River City Jules: The next Rocky … or not

My friend, Jill, makes the most marvelously addictive fried fondue balls. I know this because I ate no less than 200 of them at bunko last month.

This unleashing of my not-so-inner turophile, along with an upcoming vacation and the bikini I plan to pack, inspired me to try a conditioning session at a nearby boxing club.

Hands wrapped and gloved, I joined the rest of the class in the grid of hanging punching bags while the music blared.

I opted for a spot near the front where our instructor, Jim, led us in a simple jab-jab-punch, an Apollo Creed-inspired move I recalled mastering during my Tae Bo phase in the ‘90’s. He quickly took notice of my technique.

“Jab twice with your right hand and once with your left,” he said, demonstrating a move that was, apparently, not identical to what I had just been doing.

I turned to the bag and hit it so hard it flew two, if not three, inches.

Impressed with my own Drago-like strength, I jab-jab-punched the snot out of that bag for the entire three-minute round.

“Now you’re going to jab-jab-punch-cross,” he announced. “Keep your heels up.”

I jab-jab-punch-crossed with all of my might until Jim came back over.

“Make sure you move your feet and dance around the bag,” he said. “Think about Ali and float like a butterfly.”

I nodded as if I could do that but instead stumbled awkwardly around the bag while a clearly more seasoned gentleman a couple of bags over chuckled.

After two rounds, the sweat was pouring. I was ready to throw in the towel, but my own personal Mickey was far from done with this (consolation) prize-fighter.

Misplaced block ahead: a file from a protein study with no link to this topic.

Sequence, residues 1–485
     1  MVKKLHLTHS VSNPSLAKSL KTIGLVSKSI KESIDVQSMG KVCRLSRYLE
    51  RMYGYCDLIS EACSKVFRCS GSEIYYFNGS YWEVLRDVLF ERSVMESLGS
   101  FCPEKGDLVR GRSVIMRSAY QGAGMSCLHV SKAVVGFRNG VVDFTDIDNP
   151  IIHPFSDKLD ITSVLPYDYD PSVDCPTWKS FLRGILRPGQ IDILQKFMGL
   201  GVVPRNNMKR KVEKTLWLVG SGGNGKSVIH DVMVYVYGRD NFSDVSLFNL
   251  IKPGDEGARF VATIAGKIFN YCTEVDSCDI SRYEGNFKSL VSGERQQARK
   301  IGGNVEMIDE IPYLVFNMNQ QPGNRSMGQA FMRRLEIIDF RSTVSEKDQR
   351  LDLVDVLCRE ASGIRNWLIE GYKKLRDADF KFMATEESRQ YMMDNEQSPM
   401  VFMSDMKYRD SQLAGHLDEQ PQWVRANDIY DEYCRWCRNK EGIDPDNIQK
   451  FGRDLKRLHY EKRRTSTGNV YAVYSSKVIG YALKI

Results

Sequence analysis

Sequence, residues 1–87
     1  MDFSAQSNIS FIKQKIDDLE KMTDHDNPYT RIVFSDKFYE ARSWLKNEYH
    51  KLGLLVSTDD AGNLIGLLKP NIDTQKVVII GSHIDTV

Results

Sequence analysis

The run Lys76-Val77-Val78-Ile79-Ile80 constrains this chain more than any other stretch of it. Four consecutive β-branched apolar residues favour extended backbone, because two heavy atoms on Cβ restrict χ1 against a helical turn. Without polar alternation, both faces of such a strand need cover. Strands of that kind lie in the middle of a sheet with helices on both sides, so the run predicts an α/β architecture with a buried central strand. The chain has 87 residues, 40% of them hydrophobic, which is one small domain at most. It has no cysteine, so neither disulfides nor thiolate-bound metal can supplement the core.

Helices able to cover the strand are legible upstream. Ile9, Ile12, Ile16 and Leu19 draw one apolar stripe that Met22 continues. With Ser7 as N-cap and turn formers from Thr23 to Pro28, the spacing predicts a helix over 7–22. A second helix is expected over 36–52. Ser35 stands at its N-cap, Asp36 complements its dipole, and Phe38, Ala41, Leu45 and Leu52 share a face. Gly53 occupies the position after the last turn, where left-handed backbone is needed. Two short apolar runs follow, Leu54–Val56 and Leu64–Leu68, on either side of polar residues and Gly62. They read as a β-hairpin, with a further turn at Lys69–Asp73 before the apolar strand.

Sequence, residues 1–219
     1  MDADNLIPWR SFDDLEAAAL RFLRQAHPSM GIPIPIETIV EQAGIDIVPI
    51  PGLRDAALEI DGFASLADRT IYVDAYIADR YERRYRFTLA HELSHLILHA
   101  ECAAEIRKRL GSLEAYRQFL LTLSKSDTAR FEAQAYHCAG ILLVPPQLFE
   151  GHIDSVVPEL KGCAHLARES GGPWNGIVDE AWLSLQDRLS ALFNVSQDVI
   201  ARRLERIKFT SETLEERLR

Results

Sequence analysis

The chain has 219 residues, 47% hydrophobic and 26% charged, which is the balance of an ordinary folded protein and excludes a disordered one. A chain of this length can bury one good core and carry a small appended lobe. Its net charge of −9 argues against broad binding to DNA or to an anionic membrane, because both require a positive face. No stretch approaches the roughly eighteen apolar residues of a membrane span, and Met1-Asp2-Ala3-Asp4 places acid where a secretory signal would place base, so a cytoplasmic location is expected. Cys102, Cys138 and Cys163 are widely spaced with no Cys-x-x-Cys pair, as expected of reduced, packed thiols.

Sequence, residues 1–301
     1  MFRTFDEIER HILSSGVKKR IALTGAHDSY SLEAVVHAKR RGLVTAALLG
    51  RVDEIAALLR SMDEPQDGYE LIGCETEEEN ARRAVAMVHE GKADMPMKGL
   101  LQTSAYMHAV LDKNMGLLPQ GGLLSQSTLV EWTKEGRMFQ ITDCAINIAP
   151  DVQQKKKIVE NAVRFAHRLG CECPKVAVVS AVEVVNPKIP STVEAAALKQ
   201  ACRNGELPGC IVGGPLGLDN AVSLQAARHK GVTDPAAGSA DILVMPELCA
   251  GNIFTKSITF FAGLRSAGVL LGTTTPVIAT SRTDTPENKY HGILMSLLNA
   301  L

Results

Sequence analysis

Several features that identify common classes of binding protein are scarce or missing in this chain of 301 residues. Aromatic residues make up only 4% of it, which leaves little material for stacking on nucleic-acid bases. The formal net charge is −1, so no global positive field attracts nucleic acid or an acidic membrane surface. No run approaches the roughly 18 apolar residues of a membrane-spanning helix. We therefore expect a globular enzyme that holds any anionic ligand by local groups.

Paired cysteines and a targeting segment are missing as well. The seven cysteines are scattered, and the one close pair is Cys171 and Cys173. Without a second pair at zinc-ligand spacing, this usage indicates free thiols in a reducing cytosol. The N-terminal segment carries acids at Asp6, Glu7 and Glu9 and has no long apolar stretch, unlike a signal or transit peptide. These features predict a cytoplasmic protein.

“Thirteen rounds to go, let’s do it!” he exclaimed, giving us increasingly more complicated combinations and offering me remedial instruction each time until I sidled to the back of the room after a water break.

I resumed the boxer’s stance at my new bag and continued kicking, punching and ducking just like Rocky (had he been a 40-year-old woman) as “Eye of the Tiger” thumped on, but instead of feeling the rush of beating Clubber Lang to the canvas, my legs and arms were turning to Jell-o.

“Boxing match is over!” Jim shouted, shaking his head when he spied me hiding in the back, “Time for abdominals!”

Never had I been so excited to work my abs, for this was an opportunity to finally lie down.

Face up on the padded floor, medicine ball in hands and crunching like there was no tomorrow, I knew for the first time since throwing that first punch that I had knocked out at least one thing — my ability to walk for the next three days.

But I also knew I had prevailed. While I might not have knocked out all the fondue balls, I had most definitely gone the distance.


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